• David Dreebin says:

      It is a bit strong to suggest she should retire from the concert hall. However, as I have already opined, she does appear to play as though it is all about her rather than about collaboration with the orchestra (notwithstanding that this was an encore she was playing). I think her dress sense – albeit it is entirely the choice of a soloist what she wears – seems to emphasise that it was all about her. I agree that the orchestra were not in anyveay discourteous.

  • M McAlpine says:

    Just what on earth are you talking about sir? The orchestral players sat and listened. What are they supposed to do? None of them were chatting or playing cards to my knowledge.
    I note some miserable reviews of the dashing young pianist here. Guys it was an ENCORE and was meant to show off! Give us a break from your whinging!

  • Margaret Koscielny says:

    Didn’t see contempt. But, I wonder, what arrangement was she playing of this piece? She can certainly play the piano, but, am I mistaken, or did she “take some liberties” with the composition?

  • Cassandra B says:

    Clickbait headline BS. Firstly, this performance is 5 years old, hardly newsworthy to criticize now. Secondly, the orchestra is exhibiting standard etiquette for encore behavior: do not distract from the soloist. Picking apart this concertmaster and the politely passive orchestra members is baseless, low-hanging fruit and simply poor writing. Writing about the music would have been interesting. I regret wasting my time on this.

  • Barry Guerrero says:

    Norman, I think you’re skating on thin ice by appointing yourself an arbiter of who should be a professional concert pianist, and who shouldn’t. Furthermore, your picking on Yuja Wang and Kathia B. could be interpreted by many as being thoroughly sexist. Can you play piano anywhere near this good? . . . Maybe guys you and I should stick to Mahler – something we know quite a bit about.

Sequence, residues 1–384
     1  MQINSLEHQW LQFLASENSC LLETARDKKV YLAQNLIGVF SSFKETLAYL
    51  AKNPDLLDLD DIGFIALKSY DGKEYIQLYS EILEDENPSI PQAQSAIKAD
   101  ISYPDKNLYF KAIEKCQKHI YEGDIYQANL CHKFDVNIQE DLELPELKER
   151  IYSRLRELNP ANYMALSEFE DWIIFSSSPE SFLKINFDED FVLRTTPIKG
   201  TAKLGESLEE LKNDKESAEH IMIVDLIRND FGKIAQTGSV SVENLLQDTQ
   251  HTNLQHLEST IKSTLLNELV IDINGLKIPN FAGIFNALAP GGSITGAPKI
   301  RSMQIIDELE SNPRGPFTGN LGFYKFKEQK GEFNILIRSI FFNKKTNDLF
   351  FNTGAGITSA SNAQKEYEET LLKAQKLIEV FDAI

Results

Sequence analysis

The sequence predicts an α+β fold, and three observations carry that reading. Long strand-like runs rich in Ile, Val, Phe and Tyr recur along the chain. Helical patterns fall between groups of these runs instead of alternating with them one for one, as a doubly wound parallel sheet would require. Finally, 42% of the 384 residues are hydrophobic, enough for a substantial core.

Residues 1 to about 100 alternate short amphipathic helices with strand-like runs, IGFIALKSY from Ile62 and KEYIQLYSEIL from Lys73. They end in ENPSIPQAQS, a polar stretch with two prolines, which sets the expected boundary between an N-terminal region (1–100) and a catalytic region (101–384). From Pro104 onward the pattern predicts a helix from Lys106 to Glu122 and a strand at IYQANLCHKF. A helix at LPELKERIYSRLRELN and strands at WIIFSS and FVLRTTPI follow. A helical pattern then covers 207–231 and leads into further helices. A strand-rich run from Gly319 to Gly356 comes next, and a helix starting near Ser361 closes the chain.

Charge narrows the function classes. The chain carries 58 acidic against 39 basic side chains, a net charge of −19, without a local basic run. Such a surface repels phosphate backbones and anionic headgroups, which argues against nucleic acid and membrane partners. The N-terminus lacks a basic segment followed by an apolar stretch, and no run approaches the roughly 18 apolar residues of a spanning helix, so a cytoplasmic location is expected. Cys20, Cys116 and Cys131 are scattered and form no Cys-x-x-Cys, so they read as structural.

• Piano Lover says:

      We are amateurs and of course we can’t but yet this is irrelevant question.
      -If reading a novel I would say “”I don’t like it for whatever reason””.
      Would I be asked by you “WOULD I BE ABLE TO WRITE SUCH A NOVEL BETTER???
      -Likewize if standing in front of a famous painting I DON’T LIKE THIS PAINTING BECAUSE THIS AND THAT”
      I think this question to be an insult altogether.

  • Sue Sonata Form says:

    The musician on the right side of the piano is feasting his eyes. Unless they’re all gay, the rest will be doing the same. And this is what is intended.

    Her performance reminds me of this, I have to say: well, maybe not as good!!

  • Gregory Kuperstein says:

    Encore should be short, maybe 3 min. long. The soloist indulges herself for almost 6 min. Professional musicians need a rest, too. No wonder that some in the orchestra might not appreciate that something extra the audiences love.

    • just saying says:

      guess you’ve never been to a Yuja Wang or Evgeny Kissin concert where they give 10 or more “short” encores lol #boom

  • Anonymous Bosch says:

    No one will ever replace the glorious rendition served-up by Dolores Gray in the 1955 MGM musical “It’s Always Fair Weather”:

    And do stay for the song that follows!

    • Nicholas says:

      Comden and Green were geniuses musicwise, lyric wise, and scriptwise. The commoditization of art will always be with us whether satirical or in earnest. Anything to make a buck.

  • Jenni Li says:

    How could anyone be bored with her?? Just stare at her rack if you’re not interested in what she’s playing!

  • Peter Feltham says:

    To what extent is this, more a concert of sexual voyeurism than artistic voyeurism, and if the former does that make it less of an attraction.

  • Jesse Read says:

    What a disrespectful and “unprofessional” blurb. The musicians listen respectfully, to the “flamboyant” (tasteless) performance as expected. To suggest that one avoid a world-class festival using a 5-year old video of an encore…wrong headed arts journalism at best.

    • David Dreebin says:

      Hear, hear! And to suggest that people avoid a whole (world-class) festival on the basis of this is frankly ridiculous.

  • Sam says:

    Allow me just this observation: